5. You REALLY like your personal space.
You weren’t a fan of people touching your stuff or being in your space. Also, too much social time wore you out and you needed your alone time in order to recharge.
6. You had a harder time leaving the nest.
It was a struggle for you to psychologically detach yourself from your parents. I was fortunate enough to attend a Big Ten university for college that was 5 minutes away from home — in which I had to be forced to live in the dorm.
7. Speaking of moving out, you were an awful roommate.
Obviously, living in close quarters with a stranger wasn’t easy for you because you’ve never had to share your personal space growing up.
8. You were mature for your age.
You were the ultimate third wheel to your parents. So, from an early age, you were expected to act, speak, think, and engage like a little adult.
9. You were stubborn AF.
Compromising was hard for you since you never had to “play nice” with any siblings. (Something I’m still working on)
10. Sharing wasn’t your thing.
From clothes to food to everything in-between, the word share was hardly in your vocabulary. You always had everything shiny and new, so you preferred to keep your stuff (and food) to yourself.
11. The pressure was real.
You were your parents’ only shot at having the “perfect” child which basically meant all of their hopes and fears were pinned on YOU.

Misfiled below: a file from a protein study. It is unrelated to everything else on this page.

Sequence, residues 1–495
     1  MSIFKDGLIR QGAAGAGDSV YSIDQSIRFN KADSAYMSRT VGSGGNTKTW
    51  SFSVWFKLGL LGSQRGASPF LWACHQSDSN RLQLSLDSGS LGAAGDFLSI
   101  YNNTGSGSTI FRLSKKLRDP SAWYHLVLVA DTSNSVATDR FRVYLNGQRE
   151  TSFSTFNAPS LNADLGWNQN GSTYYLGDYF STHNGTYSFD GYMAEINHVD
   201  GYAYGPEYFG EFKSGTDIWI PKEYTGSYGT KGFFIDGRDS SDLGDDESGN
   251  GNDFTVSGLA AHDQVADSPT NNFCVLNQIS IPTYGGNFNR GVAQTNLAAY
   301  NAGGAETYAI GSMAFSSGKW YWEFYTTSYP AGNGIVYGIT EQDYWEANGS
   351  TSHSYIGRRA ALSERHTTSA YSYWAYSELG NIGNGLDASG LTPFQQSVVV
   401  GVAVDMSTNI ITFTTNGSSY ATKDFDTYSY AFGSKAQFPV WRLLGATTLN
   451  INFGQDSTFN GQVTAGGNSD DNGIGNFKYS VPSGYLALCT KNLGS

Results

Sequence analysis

12. You didn’t handle teasing well.
You never had a sibling to help thicken your skin and missed out on all the rough and tumble, so you were a little more sensitive than the rest…
13. You were spoiled.
Since you didn’t have to share your parents’ attention or resources with anyone else, you pretty much got whatever you wanted when you wanted it. #SorryNotSorry
14. You knew how to entertain yourself.
Without having a built-in playmate, you really had no choice but to develop a rich imagination, engulf yourself in other worlds, and learn to feel an overall comfort with being alone.
15. You had an imaginary friend at some point.
Thanks to not having any siblings, you had the most realistic make-believe friends ever!
True story: I actually created an entire family – I had two sisters and one big brother (I imagined their names, personalities, and our family dynamics). In middle school, I had “Bubba,” who even my closest friends embraced.
16. Your BFFs and cousins were basically your siblings.
As cliché as it sounds, it’s the truth— they provided the companionship you always believed a sibling would have been able to offer.
17. Conflict made you anxious.
You were an easy target – you never experienced sibling rivalry or had the chance to master your comeback skills on anyone at home. As a result, you tried to avoid conflict as much as possible.
18. You didn’t have anyone to deflect attention or blame onto.
If you were up to no good, your parents pretty much knew it. There was just no way to escape that broken vase or the red nail polish that spilled on the white couch.
19. You envied bigger families.
You always promised yourself that you’d marry into a large family and create a soccer team of your own one day. (Who was I kidding? I stopped after having two kids)
20. You were the favorite child.
Well, this one is pretty obvious. 💁🏻